Why do I compete? Why do we compete? I think the answer is different for everyone.
For fun. To win. To push ourselves. Even to see friends. It can get to the point where it takes more out of you than you get out of it, or where the dynamic just isn’t right any more. There can be many reasons to compete but just like anything in its ideal form you do it because you have one or more reasons you want to do it, not for any other reason.
So, I was an injury substitute for one of the girls at my gym who was registered for a competition up in Pretoria on the weekend.
I had actually really wanted to do the competition to get experience competing at altitude but couldn’t find a partner who wanted to travel up (teams were two people of the same gender). So when the chance presented itself, I took it.
In retrospect, I almost wish I hadn’t although it was GREAT to catch up with some of the Joburg/Pretoria folks that I don’t normally get to see in my normal rotation (i.e. anyone who doesn’t train at Platinum).
Firstly, I am not even sure you could call this a competition. The judging was so bad they may as well not even have bothered having judges.
Secondly, I got injured. Luckily it was in the semi-final workout, or else we would have had to withdraw. What really gets to me about this is that I got hurt because some other people were being sloppy and stupid. Everyone has their pet peeves in the gym. The people who spill chalk. The people who don’t put their stuff away. Mine? People who drop their weights from overhead without controlling them.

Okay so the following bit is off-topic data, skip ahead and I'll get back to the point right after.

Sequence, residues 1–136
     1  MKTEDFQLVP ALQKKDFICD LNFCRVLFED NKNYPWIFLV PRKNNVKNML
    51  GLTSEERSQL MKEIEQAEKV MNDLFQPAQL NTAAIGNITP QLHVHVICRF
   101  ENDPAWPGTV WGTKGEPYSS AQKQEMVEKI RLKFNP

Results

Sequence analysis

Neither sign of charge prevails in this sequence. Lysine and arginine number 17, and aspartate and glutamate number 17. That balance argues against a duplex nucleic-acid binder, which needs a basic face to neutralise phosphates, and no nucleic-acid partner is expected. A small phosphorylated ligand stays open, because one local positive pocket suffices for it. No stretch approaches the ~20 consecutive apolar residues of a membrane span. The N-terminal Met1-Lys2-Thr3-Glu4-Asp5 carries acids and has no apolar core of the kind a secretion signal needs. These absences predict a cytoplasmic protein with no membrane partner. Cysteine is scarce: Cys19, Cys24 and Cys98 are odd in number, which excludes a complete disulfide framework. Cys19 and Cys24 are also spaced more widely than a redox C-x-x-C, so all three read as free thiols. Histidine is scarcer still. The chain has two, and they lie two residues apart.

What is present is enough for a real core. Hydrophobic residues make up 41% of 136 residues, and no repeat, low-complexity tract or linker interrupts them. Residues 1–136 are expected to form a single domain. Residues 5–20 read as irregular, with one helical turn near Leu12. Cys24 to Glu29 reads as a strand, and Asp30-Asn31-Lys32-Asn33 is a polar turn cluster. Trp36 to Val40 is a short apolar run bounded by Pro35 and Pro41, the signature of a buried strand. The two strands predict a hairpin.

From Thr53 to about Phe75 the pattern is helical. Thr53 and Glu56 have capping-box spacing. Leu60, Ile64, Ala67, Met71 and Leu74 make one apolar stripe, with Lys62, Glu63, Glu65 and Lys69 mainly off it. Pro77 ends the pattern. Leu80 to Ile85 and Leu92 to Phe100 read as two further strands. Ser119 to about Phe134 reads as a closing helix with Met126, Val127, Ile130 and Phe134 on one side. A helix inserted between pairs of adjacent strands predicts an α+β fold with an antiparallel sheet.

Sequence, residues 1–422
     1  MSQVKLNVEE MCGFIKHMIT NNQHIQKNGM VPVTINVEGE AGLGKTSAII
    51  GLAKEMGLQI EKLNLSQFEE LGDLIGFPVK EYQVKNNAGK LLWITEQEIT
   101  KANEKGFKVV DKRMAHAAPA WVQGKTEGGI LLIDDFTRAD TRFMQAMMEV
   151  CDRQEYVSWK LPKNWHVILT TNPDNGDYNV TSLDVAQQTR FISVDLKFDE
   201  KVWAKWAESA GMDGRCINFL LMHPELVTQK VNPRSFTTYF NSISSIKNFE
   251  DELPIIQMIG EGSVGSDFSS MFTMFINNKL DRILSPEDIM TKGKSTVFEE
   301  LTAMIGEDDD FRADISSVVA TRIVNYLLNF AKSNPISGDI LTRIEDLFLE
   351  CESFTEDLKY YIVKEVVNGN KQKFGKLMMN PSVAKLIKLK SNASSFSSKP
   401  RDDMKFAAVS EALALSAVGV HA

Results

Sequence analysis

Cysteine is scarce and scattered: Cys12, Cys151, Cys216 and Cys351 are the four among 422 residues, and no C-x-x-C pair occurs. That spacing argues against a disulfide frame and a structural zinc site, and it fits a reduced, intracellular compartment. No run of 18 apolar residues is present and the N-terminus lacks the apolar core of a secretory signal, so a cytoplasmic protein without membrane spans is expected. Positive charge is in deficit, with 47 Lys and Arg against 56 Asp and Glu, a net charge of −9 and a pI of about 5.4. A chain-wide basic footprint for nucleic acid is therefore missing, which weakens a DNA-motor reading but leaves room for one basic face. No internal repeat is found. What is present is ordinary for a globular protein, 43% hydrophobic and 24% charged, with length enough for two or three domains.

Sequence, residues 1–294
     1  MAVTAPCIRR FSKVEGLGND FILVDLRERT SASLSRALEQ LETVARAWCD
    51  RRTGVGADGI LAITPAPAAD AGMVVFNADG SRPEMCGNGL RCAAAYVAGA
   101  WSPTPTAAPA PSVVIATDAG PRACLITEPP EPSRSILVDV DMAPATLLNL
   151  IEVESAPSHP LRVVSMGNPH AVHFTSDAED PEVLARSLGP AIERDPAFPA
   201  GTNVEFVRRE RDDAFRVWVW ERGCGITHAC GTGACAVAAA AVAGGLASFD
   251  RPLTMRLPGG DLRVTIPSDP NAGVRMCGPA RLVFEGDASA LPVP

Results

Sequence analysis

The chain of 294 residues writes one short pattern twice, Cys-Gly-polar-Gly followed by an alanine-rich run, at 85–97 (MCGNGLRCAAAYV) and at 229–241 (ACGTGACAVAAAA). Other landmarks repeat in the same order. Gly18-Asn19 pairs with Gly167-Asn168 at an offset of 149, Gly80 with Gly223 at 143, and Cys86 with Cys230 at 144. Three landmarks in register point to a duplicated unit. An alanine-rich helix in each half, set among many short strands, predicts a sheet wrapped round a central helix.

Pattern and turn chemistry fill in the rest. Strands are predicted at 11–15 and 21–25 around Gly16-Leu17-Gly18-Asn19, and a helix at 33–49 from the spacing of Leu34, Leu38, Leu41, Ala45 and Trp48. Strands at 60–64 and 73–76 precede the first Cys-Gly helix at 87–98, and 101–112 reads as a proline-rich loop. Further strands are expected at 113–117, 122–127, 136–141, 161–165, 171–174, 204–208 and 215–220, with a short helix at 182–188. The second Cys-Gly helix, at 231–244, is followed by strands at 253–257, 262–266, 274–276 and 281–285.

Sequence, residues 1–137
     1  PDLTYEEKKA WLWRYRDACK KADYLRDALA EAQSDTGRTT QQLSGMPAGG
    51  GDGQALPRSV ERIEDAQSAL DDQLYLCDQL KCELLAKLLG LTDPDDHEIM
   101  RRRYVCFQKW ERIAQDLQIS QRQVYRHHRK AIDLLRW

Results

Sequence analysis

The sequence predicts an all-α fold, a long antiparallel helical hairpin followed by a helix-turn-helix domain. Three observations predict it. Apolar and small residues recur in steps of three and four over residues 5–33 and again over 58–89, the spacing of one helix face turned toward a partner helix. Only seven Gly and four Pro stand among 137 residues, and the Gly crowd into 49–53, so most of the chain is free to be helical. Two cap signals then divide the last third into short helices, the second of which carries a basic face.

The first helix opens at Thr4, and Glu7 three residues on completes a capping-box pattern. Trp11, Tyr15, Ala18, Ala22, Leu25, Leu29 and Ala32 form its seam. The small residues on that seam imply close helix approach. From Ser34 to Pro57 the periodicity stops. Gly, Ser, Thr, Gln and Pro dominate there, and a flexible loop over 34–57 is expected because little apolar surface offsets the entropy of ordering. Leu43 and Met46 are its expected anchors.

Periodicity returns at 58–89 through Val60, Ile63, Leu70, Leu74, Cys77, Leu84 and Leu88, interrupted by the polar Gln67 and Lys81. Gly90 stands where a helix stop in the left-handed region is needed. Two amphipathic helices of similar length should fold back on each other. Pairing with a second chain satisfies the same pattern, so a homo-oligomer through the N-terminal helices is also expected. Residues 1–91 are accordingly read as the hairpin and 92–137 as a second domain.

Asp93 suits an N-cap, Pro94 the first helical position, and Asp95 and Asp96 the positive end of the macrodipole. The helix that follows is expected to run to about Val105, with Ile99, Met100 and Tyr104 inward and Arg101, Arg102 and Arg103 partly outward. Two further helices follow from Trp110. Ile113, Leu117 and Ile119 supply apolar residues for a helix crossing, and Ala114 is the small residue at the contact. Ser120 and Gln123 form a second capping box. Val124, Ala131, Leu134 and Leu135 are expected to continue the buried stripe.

One of the teams in the lane next to us dropped a 45kg barbell from overhead and it bounced into our lane – straight into my knee. And this was AFTER I noticed it coming and jumped out of the way so it didn’t hit me at full force. On the day I couldn’t squat or even bend my knee, and I was afraid to bend it too much because it looked like a blood vessel was going to burst through the skin. When I get injured and it’s my own fault that’s one thing. This was something else and for a while there I was very worried and very upset.
The event organising could have been better. It was held on this rooftop events arena which was awesome … except that the first day was absolutely pouring rain. So we did the first two events inside, in something resembling a Fight Club style garage gym setup. As a competitor, this was pretty epic actually, and I was personally happy that they had to sub handstand pushups for pullups in the second workout.
My main purpose in competing was to get a sense of how I compete at altitude. I now have some sort of answer, although individual competition is different of course. I also wanted to check the capabilities of the competition. Conclusion: I have some stuff I need to work on, but in some other areas I’d say I match up pretty well.